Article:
Bianca started working at ClearScore after moving from New Zealand to London. She reveals what it's really like to find yourself suddenly running out of money in a strange country
What's your money story?
Moving to London has been one of the trickiest and most amazing things that I've done. On top of the usual homesickness, navigating the tube and getting used to the lovely British weather, moving abroad has also been a big challenge for my wallet.
I saved up for over two years to afford this move, which was hard work. I was determined to try something new and had been looking to travel to Europe for years so I figured, why not move to London?
Saving for a big trip is tricky enough but it was after I crossed the pond that my financial situation really began to be a worry.
What was it like arriving in London?
After a year I figured I had enough cash to get going. When I jumped on the plane, I hadn't got any work lined up in the UK, but I figured it would be easy enough to find something.
The first few weeks were a bit of a whirlwind. There's so much to see and do in London and I didn't want to miss out on any opportunities: tourist attractions, day trips, brunch. While I was doing so many amazing things I wasn't paying much attention to my bank balance and I hadn't been trying to find work.
I didn't have a UK bank account so everything was going straight on my home credit card. Spending New Zealand dollars against the pound made every purchase nearly doubly expensive. My finances really began to dwindle but I just kept ignoring my situation.
I figured if I just stayed positive and didn't check my bank balance everything would be fine, right? But with every fun English activity, my funds were slowly getting less and less.
After a couple of months the situation caught up with me, and by that time it was pretty extreme. For about 8 weeks, I really struggled to get by. I had to scrimp and save wherever I could - in fact I don't think anyone has ever eaten so many packets of two minute noodles before. At that point, being so far away from my family got a lot harder and London started to feel less and less like home everyday.
But there was one day in particular that really stands out. I was in the local shop to pick up some dishwashing liquid for my flat. As I walked up to the till, I realised that I wasn't actually sure whether I could afford the purchase. It was 99p. The reality of my money situation really hit me right there and then in the cleaning aisle.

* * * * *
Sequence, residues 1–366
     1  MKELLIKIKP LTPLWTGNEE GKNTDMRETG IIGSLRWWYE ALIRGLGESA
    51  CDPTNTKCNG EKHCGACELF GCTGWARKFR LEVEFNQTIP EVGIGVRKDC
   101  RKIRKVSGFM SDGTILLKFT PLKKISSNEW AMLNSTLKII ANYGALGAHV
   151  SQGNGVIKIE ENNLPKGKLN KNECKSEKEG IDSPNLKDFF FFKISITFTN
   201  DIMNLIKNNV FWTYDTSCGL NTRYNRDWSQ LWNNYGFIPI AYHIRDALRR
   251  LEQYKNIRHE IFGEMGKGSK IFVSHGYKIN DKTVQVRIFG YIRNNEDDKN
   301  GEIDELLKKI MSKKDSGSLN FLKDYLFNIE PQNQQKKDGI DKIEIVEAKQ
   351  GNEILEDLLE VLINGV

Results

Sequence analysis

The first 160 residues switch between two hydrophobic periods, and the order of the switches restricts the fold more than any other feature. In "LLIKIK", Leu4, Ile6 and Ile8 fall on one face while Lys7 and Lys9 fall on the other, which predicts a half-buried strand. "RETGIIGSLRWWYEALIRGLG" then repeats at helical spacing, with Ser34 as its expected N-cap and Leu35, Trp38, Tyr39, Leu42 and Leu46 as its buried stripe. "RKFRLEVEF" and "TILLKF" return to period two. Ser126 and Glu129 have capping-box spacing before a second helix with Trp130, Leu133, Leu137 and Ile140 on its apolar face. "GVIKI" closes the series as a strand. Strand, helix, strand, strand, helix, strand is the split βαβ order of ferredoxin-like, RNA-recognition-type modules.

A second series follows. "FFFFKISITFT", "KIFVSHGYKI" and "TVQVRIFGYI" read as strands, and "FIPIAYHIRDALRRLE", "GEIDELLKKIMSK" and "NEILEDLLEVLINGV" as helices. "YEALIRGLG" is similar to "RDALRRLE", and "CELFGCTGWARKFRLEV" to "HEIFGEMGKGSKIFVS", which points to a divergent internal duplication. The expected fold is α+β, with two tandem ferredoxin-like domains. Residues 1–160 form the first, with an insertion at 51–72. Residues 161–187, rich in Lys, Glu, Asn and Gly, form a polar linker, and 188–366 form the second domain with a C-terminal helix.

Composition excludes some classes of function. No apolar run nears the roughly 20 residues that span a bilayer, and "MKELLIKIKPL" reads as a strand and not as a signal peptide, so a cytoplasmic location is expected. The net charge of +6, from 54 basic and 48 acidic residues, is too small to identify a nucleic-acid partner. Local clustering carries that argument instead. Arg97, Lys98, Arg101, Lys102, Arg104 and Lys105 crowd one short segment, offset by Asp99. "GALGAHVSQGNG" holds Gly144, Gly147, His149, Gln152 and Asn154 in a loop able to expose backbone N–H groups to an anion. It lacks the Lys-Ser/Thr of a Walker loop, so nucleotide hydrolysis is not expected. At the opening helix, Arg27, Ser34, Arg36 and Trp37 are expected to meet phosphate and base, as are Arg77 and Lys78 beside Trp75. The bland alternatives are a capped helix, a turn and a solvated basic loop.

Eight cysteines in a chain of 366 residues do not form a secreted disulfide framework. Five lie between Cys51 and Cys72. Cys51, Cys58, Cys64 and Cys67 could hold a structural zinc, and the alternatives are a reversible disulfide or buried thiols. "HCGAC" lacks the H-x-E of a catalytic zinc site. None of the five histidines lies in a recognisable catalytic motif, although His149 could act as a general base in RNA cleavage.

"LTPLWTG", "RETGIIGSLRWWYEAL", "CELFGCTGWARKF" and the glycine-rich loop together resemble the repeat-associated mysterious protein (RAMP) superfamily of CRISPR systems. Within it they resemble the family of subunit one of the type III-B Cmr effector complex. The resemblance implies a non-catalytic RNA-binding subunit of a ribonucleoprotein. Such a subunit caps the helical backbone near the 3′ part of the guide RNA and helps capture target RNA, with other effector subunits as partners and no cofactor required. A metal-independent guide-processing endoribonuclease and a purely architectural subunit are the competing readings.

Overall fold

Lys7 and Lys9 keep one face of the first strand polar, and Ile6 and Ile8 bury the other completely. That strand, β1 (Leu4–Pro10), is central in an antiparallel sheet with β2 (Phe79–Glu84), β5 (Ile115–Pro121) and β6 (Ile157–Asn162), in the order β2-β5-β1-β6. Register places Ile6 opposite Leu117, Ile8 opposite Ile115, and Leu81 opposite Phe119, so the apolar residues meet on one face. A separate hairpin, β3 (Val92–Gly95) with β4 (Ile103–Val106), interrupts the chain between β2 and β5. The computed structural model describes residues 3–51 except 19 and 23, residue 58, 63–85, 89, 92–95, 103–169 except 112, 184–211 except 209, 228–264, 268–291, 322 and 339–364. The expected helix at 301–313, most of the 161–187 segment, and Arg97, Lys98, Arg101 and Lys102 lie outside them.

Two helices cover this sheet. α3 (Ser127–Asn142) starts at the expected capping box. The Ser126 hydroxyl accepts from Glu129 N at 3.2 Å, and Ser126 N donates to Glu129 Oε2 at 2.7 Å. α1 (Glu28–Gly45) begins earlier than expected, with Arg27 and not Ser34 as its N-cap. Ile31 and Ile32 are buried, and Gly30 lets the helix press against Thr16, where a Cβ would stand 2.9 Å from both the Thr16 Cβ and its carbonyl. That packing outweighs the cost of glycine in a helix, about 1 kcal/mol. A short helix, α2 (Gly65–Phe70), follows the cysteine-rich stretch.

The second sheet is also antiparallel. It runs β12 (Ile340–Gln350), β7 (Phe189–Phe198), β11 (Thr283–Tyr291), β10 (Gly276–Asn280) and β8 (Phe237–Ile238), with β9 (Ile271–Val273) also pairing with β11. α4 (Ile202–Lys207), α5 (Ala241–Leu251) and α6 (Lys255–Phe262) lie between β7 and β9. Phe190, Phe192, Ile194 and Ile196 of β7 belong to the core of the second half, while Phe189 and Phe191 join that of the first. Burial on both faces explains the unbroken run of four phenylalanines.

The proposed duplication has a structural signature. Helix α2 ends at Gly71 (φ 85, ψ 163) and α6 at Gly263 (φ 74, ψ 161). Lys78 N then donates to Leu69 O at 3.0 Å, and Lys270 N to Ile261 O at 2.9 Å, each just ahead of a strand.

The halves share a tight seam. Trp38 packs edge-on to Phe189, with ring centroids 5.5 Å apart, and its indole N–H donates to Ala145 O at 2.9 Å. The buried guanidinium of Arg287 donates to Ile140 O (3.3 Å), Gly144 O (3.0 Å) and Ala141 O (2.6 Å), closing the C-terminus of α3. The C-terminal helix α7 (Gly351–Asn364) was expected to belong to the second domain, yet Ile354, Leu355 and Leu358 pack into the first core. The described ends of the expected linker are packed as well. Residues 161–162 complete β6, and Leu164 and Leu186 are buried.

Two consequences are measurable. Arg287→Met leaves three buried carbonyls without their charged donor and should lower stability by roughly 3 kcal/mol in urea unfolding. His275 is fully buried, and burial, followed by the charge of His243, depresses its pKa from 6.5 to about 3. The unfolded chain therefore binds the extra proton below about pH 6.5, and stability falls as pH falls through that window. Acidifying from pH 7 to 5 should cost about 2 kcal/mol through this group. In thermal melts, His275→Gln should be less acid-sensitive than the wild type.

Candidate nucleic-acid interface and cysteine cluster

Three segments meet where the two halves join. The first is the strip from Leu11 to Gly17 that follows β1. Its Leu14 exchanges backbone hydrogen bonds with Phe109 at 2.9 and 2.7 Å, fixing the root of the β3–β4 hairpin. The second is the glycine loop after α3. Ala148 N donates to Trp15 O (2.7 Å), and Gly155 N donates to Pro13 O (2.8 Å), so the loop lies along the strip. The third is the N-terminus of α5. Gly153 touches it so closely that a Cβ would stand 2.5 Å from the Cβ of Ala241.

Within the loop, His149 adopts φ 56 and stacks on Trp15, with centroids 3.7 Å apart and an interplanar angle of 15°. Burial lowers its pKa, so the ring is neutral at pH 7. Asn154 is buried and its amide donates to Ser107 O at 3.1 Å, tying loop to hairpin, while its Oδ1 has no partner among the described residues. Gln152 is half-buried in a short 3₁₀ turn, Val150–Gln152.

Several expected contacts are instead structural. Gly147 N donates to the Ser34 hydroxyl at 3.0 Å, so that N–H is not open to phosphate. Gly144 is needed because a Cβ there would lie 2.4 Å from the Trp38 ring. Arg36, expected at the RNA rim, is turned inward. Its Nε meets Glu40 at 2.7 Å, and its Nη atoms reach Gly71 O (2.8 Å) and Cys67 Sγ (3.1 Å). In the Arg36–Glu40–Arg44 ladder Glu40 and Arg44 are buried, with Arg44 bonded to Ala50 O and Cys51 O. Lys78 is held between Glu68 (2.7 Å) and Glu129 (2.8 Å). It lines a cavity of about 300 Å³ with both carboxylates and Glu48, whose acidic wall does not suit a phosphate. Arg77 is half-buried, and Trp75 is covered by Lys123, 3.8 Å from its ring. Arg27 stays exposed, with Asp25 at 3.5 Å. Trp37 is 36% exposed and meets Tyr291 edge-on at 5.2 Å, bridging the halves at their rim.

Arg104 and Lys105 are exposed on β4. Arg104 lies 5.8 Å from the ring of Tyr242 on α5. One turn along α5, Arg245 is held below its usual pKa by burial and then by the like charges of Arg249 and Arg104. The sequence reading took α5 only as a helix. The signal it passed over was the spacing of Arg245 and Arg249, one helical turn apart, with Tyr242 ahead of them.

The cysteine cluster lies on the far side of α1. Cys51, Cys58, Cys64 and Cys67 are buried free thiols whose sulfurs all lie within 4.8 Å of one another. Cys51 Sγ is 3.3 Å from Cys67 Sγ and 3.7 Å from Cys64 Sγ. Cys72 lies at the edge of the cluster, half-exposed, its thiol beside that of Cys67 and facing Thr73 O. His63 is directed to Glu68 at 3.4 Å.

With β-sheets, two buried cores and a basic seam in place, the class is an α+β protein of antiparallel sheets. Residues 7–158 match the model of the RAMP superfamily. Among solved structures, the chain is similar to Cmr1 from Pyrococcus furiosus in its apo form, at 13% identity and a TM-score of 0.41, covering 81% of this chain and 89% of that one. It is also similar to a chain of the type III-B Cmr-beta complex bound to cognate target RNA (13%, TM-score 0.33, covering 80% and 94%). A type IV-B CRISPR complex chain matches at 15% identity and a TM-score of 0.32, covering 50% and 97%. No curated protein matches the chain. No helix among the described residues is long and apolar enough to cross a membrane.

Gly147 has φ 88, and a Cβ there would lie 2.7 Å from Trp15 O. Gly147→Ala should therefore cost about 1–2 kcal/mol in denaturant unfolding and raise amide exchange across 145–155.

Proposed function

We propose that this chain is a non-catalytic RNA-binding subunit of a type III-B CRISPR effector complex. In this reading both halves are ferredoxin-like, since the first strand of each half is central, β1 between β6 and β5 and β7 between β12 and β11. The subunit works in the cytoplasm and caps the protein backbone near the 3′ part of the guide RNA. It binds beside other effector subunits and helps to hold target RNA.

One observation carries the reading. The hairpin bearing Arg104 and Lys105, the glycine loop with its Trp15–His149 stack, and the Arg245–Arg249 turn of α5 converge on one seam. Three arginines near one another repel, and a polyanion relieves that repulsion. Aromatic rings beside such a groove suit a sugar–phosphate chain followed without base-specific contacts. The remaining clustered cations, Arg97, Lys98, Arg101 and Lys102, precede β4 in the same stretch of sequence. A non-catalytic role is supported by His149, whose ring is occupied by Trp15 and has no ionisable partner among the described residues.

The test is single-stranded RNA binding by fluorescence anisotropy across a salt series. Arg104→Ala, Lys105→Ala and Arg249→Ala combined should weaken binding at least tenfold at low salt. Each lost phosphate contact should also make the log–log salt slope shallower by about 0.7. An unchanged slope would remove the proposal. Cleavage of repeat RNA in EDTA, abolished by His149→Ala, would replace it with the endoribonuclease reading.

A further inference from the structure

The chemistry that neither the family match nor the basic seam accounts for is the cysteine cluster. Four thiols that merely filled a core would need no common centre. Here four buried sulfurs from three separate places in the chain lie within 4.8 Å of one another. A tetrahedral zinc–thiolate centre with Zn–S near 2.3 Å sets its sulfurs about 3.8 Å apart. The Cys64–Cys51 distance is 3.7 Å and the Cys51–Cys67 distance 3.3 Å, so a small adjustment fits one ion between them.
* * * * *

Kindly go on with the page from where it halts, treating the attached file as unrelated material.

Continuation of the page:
I had about 70p on my card and I eventually managed to dig out 50p from my bag and pockets. I ended up having to ask the cashier to split the payment between cash and card - for a purchase that was under a pound. Looking back, you can kind of laugh at the situation. But at the time, as I asked the cashier to split the pennies, I can safely say that was a real low point.
When I got home I just sat on my bed trying to figure out what I could do next. There I was, stuck abroad in a country where I had no safety net. If I couldn't afford washing up liquid, I definitely couldn't afford a flight home. I felt completely stuck and it was hard not to think that I'd made a huge mistake making the move.
How did you get everything back on track?
The only choice I had was to get back on top of my money. It's not like I had no options, I'd just gotten so used to burying my head in the sand and ignoring everything. Ultimately the main thing that helped me was getting a job. But I decided that just because I would be making more, I shouldn't just revert back to old habits. Otherwise, I'd probably find myself back in the same situation in no time.
So I stopped saying yes to everything out of fear of missing out. It can be tricky when there's still so much you want to see around the country. But it has meant I've discovered all of London's amazing, and completely free things to do! There's so many ways to have fun that don't cost the earth.
What is the main thing that this experience has taught you?
The key thing I've learnt is not to ignore your bank balance - hoping for the best isn't a great strategy for managing your money.
It's tricky to balance your finances when you're in slightly unusual circumstances. Back home, it's easier to budget and do everything you know you should be doing, because life is much more settled. But when you're living abroad everything is so new and exciting. You're in such a whirlwind that it's so easy to forget that you're still in the real world where money is a thing that can run out.
I do still believe that you should spend money on things that make you happy or that offer you an amazing experience, so I absolutely don't regret making the move. I just wish I hadn't buried my head in the sand for so long when I first arrived.